Microsoft on Tuesday started mass emailing its 100 million+ Messenger users to let them know that the service is officially being retired on March 15, 2013. On that date, all users will be migrated to Skype, which Microsoft acquired back in May 2011 for $8.5 billion.
This means Messenger will be shut down in just 66 days. It will only keep working afterwards in mainland China, mainly because Skype is operated there by a local provider called TOM.
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As you can see, the email in question is titled “Important info about your Messenger account.” Here’s the main part:
On 15th March 2013 we are retiring the existing Messenger service globally (except for mainland China where Messenger will continue to be available) and bringing the great features of Messenger and Skype together. Update to Skype and sign in using a Microsoft Account (same as your Messenger ID) and all your Messenger contacts will be at your fingertips. You’ll be able to instant message and video chat with them just like before, and also discover new ways of staying in touch with Skype on your mobile and tablet.
Microsoft previously said the transition would happen in Q1 2013. The date was only revealed today, however, confirming the company is still right on schedule to make the big move from Messenger to Skype.
If you’re wondering how this will work, it’s really quite simple. Skype will give you the option to merge your own accounts, as well as message both types of contacts.
Messenger users will have to download and install Skype (ideally the latest version). Once there, all they have to do is log in with their Microsoft account, and their Messenger contacts will be available inside.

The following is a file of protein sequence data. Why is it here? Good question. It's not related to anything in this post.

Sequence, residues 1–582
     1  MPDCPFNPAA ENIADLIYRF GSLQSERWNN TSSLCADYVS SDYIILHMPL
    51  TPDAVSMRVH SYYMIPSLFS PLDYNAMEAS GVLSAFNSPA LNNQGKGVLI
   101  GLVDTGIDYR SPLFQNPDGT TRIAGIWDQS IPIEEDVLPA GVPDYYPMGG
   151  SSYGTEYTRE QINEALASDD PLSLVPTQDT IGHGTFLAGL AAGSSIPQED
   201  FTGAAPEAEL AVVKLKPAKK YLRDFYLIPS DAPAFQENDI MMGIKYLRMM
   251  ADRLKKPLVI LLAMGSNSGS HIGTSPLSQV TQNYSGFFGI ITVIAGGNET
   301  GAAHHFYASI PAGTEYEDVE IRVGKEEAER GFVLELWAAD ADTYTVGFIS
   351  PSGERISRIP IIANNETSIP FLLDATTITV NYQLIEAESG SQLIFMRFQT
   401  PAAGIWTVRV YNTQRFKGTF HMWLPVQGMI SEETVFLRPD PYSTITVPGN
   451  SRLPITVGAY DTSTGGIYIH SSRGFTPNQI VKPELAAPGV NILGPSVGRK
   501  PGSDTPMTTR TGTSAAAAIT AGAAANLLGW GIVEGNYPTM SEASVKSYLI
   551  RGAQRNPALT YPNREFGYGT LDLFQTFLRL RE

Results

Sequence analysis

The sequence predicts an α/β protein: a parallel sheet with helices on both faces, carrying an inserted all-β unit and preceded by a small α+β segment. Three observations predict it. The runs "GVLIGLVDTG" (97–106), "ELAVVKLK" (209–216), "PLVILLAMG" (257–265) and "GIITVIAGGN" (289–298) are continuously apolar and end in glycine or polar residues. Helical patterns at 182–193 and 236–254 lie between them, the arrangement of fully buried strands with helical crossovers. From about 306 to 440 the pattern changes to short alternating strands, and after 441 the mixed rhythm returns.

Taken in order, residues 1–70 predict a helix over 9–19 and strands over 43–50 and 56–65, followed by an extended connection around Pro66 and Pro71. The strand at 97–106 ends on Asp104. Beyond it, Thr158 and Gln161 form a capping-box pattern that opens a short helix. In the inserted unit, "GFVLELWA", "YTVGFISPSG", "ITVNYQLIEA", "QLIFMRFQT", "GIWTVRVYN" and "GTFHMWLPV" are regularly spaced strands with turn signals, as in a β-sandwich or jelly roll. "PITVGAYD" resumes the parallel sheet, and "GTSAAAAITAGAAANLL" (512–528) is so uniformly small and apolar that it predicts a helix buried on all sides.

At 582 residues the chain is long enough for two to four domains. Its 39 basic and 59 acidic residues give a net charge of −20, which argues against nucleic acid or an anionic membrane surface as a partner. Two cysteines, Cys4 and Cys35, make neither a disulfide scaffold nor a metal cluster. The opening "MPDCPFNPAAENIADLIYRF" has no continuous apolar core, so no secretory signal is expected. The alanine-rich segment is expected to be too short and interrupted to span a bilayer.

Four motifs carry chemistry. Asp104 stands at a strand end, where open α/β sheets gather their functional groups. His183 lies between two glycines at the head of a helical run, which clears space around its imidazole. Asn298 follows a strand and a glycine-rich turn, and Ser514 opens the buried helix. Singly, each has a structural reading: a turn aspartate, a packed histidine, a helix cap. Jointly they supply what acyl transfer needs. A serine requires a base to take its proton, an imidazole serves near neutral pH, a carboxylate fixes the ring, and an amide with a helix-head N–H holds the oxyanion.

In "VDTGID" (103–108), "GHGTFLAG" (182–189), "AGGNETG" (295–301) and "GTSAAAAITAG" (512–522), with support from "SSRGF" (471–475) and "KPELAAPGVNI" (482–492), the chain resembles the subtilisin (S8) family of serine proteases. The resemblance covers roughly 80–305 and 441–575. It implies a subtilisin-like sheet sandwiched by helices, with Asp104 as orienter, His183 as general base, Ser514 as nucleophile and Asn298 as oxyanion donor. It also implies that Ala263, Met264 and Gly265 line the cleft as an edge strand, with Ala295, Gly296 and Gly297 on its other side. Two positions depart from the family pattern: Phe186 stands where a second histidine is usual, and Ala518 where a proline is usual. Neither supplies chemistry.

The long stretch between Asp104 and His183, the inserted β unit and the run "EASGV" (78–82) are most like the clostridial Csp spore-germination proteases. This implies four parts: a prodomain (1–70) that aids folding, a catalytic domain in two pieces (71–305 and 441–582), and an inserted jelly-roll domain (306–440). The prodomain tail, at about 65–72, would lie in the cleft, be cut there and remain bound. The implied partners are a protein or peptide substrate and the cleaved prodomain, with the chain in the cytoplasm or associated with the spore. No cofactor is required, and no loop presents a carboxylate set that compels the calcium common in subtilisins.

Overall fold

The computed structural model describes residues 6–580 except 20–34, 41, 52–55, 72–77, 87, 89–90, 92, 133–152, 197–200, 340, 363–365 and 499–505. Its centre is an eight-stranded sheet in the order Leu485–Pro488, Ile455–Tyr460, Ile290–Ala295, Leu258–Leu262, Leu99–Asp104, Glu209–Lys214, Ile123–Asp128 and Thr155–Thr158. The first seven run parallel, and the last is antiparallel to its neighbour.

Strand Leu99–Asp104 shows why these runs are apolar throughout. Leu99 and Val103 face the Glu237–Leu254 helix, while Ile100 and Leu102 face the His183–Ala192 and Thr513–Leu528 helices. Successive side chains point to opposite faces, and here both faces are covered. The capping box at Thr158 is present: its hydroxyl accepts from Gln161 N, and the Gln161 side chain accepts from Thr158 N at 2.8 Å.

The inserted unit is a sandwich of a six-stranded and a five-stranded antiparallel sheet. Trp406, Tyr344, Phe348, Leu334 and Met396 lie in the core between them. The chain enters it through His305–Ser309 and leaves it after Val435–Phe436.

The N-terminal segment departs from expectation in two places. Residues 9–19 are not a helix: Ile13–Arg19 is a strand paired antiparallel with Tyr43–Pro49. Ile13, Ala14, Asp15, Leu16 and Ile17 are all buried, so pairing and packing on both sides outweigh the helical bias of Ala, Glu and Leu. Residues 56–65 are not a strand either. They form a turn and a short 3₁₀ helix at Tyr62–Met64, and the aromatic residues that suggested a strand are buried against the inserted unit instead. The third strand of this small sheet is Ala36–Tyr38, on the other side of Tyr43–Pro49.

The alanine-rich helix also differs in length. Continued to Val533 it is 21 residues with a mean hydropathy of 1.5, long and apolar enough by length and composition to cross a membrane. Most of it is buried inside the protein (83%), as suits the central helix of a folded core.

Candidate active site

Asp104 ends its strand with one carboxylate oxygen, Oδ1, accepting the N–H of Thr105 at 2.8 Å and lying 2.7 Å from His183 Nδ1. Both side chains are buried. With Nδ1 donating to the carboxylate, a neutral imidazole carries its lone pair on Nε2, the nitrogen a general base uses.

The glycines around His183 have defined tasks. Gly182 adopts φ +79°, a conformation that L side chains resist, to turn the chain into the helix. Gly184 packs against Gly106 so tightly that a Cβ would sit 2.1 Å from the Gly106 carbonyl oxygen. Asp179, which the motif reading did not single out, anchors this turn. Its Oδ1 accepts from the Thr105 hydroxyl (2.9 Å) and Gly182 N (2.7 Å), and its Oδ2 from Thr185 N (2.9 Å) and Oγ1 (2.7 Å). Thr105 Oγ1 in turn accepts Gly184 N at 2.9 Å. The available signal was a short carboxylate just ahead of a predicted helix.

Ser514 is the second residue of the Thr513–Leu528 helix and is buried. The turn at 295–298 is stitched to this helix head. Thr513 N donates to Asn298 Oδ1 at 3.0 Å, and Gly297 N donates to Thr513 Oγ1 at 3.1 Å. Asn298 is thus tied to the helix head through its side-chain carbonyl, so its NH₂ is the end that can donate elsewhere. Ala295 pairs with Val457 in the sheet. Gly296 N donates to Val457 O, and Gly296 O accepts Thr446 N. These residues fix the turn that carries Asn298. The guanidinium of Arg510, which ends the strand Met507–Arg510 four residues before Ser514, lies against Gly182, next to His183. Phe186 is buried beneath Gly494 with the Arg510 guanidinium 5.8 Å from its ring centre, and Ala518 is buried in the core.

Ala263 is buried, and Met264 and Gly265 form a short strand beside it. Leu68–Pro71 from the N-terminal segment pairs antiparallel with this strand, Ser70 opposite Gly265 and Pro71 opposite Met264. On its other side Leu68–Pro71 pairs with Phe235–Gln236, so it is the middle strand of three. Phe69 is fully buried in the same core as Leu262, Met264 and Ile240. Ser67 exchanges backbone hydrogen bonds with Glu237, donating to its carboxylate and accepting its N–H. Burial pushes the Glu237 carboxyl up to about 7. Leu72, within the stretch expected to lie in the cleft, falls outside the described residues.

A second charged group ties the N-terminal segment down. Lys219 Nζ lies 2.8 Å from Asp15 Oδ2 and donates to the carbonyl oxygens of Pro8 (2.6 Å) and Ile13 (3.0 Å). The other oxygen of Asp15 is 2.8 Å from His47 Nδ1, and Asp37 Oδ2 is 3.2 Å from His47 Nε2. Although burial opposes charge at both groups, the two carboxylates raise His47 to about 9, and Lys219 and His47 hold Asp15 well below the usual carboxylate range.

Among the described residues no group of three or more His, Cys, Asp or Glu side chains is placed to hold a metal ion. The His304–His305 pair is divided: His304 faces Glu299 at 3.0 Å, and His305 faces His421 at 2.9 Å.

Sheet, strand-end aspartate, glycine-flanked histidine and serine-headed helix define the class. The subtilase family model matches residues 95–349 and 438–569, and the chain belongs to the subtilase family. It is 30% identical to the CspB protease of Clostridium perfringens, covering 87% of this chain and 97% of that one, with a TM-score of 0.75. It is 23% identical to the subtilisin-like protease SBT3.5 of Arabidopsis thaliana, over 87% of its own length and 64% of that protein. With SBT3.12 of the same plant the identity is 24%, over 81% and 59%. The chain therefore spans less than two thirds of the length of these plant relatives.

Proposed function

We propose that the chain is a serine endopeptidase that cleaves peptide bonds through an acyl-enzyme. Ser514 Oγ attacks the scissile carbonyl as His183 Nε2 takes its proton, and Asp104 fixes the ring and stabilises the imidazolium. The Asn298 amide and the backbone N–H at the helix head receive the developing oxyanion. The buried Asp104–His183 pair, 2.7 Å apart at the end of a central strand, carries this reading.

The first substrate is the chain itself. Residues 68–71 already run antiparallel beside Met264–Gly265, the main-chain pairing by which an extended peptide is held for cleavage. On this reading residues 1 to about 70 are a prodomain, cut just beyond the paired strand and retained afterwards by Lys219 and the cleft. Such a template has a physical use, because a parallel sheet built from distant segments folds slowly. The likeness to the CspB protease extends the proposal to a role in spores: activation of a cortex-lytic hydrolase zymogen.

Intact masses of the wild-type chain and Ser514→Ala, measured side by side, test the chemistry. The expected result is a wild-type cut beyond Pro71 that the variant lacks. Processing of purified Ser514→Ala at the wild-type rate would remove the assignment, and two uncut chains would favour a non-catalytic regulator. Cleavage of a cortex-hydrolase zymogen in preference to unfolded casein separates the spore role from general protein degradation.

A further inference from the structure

This is possible since Microsoft moved its Messenger users over to Microsoft accounts a while ago, just as it brought Skype under the same umbrella. As such, the two have technically been connected for some time.
The discontinuation of Messenger came as a slight shock back in November. Yet Skype simply has a larger membership: around 280 million monthly active users, up roughly 100 million since it was purchased by Microsoft.
Many use both Messenger and Skype, but Microsoft wants everyone to just use the latter. It doesn’t make sense for the company to maintain and update two communication tools for consumers.
This is especially true if you remember that the whole tech world, including VoIP, is heading to mobile. Skype has made a big effort to build out various mobile apps, easily leaving Messenger in the dust.
The email contains instructions for downloading and installing Skype. It also features this brief FAQ:
So, what’s happening between now and 15th March?
Messenger will continue to work as you know it today. If you are signed in with Messenger on your desktop** you will see a banner notification to upgrade. When you click on the banner, an installer window will open with the request to upgrade. This will take you through our installer flow to install Skype and automatically uninstall Messenger.
So, what’s happening after 15th March?
Messenger users on desktops** will not be able to sign in and will only be able to upgrade to Skype. If you attempt to sign in, a notification will appear, and if you continue, you will be taken through our installer flow to install Skype and automatically uninstall Messenger at the same time.
Can I update to Skype on my mobile?
Yes! Skype is available on iPhone, Android and soon on Windows Phone 8. We encourage you to download the latest Skype app on your mobile and then uninstall Messenger. You will be able to sign in to Skype on your iPhone, Android and Windows Phone 8 mobile apps with your Microsoft Account over the next few weeks. If you use another phone with Messenger on it, it will continue to work for a while.
* To get group video chat, you’ll need a Skype Premium subscription.
** Newer versions of Messenger will be able to receive the optional upgrade notifications. Older versions will not receive the notifications and you will have to download Skype manually.
We’ll keep you posted as we get closer to the big day.
Image credit: Nevit Dilmen.